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The Obscene Invention of California Capitalism

A conversation with Malcolm Harris about his new history of Silicon Valley, Palo Alto, the West Coast’s settler ideology, and recent turbulence in the world of tech. Da The Nation.

When gold was found in the American River in 1848, a brand-new world was born—one that thrust Northern California into the perpetual spotlight, and one in which the market’s insatiable appetite for “innovation” solidified, however ironically, the region’s loyalty to draconian conceptions of racial order. The miners are, in effect, still here—their wash pans have just become iPhones—and still doing their part to uphold a long-standing tradition of the American West: overpromising and under-delivering, all while devouring obscene amounts of global assets in the process. In Palo Alto: A History of California, Capitalism, and the World, journalist Malcolm Harris sets out to identify the origins of Silicon Valley’s doctrine of abundance and rigorously traces its technocratic lineage all the way back to the Golden State’s early opportunists.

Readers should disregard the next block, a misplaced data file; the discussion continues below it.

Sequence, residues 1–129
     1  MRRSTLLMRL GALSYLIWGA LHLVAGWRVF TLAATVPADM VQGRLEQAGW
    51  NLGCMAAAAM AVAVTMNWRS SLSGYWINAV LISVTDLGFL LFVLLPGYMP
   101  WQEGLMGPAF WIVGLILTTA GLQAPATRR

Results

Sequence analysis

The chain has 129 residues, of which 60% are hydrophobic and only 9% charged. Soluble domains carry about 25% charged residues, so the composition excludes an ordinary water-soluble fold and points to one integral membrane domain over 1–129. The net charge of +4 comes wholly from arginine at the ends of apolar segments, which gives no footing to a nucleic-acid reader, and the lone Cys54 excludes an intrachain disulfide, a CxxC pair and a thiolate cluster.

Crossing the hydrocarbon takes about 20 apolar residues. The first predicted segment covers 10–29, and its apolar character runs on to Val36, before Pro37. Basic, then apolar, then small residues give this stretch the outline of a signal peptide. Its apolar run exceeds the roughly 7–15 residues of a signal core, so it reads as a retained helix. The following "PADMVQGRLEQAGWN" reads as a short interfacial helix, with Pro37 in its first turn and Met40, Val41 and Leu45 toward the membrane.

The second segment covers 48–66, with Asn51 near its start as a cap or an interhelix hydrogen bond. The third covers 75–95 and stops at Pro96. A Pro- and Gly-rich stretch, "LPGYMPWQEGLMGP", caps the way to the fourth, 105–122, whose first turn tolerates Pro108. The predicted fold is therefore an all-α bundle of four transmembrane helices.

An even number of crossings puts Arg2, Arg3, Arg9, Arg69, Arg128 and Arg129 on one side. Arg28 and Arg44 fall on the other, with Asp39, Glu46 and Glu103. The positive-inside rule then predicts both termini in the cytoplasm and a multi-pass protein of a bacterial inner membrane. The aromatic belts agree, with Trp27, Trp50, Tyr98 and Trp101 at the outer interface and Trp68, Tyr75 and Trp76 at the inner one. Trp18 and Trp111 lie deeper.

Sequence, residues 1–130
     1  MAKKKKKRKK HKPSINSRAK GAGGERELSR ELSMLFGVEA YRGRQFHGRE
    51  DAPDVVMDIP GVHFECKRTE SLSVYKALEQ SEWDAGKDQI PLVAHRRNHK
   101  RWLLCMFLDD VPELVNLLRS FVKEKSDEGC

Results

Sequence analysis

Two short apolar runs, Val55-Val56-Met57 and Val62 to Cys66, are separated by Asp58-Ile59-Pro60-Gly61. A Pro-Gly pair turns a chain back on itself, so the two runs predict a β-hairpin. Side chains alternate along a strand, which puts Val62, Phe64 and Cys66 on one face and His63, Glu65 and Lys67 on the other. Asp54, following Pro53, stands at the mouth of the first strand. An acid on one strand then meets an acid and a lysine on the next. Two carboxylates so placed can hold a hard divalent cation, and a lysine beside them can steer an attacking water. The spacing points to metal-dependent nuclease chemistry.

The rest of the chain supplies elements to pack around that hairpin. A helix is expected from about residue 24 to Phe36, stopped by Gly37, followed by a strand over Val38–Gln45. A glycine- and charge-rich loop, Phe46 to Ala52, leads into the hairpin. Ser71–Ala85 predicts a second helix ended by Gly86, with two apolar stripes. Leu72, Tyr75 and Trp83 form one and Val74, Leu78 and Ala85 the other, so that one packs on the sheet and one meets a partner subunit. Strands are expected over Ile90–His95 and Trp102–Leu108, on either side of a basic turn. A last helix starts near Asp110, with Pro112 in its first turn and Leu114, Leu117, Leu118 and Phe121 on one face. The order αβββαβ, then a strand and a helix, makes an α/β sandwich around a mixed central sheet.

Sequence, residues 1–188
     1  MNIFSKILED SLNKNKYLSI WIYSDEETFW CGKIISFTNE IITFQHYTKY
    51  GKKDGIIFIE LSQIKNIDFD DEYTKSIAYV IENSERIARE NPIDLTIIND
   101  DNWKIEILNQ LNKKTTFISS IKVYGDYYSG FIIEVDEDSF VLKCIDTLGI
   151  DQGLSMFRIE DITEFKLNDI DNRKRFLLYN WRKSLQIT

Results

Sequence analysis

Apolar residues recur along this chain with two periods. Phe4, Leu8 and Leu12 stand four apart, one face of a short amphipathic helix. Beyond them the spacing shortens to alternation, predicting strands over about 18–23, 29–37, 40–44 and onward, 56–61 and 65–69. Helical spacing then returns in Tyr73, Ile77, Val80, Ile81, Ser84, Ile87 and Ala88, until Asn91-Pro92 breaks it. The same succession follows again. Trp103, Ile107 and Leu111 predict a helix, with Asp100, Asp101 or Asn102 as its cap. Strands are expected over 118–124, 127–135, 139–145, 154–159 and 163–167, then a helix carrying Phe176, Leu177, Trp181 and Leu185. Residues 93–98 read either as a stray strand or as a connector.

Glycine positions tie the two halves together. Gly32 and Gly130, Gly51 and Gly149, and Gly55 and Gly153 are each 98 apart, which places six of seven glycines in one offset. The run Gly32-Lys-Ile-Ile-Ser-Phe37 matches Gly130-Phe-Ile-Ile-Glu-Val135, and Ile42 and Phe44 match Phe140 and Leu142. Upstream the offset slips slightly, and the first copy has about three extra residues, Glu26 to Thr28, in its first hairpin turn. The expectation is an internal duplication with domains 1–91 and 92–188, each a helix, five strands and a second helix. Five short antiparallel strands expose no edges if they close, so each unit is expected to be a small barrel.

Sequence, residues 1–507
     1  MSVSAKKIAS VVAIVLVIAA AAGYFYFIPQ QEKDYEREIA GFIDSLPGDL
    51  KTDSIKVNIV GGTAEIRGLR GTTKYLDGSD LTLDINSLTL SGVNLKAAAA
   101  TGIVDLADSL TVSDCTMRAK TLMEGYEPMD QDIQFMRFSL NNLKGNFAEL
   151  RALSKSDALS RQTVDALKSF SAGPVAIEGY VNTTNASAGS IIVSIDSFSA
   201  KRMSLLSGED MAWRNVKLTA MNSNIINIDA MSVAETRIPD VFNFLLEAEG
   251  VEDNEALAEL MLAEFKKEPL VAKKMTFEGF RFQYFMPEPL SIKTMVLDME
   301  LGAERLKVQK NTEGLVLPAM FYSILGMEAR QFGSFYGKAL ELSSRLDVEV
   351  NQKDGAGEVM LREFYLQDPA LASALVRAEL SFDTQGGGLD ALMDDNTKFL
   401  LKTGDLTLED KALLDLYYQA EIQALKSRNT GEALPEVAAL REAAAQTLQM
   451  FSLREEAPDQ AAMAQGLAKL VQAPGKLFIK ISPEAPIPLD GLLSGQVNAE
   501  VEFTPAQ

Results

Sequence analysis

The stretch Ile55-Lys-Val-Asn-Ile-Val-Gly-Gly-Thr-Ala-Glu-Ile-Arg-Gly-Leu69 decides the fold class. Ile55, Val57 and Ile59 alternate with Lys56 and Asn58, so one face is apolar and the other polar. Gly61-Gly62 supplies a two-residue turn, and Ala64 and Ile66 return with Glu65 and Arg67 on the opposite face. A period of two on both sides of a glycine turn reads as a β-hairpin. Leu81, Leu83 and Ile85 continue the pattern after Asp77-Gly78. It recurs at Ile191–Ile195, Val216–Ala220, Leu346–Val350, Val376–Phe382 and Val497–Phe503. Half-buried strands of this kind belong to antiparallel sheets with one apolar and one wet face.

Readers of Harris’s earlier books—Kids These Days and Shit Is Fucked Up and Bullshit—will recognize in Palo Alto the author’s biting Marxist critique, deployed here to expose the structural mechanisms of a place so shrouded in its own mythology. I spoke with Harris about the continuous rebirth of the California settler ideology, what a cohesive assessment of the state’s storied tradition of resistance might look like, and what it means that Silicon Valley—especially considering the recent turbulence in tech—exerts dominance in the realm of finance capital. This interview has been edited for length and clarity.

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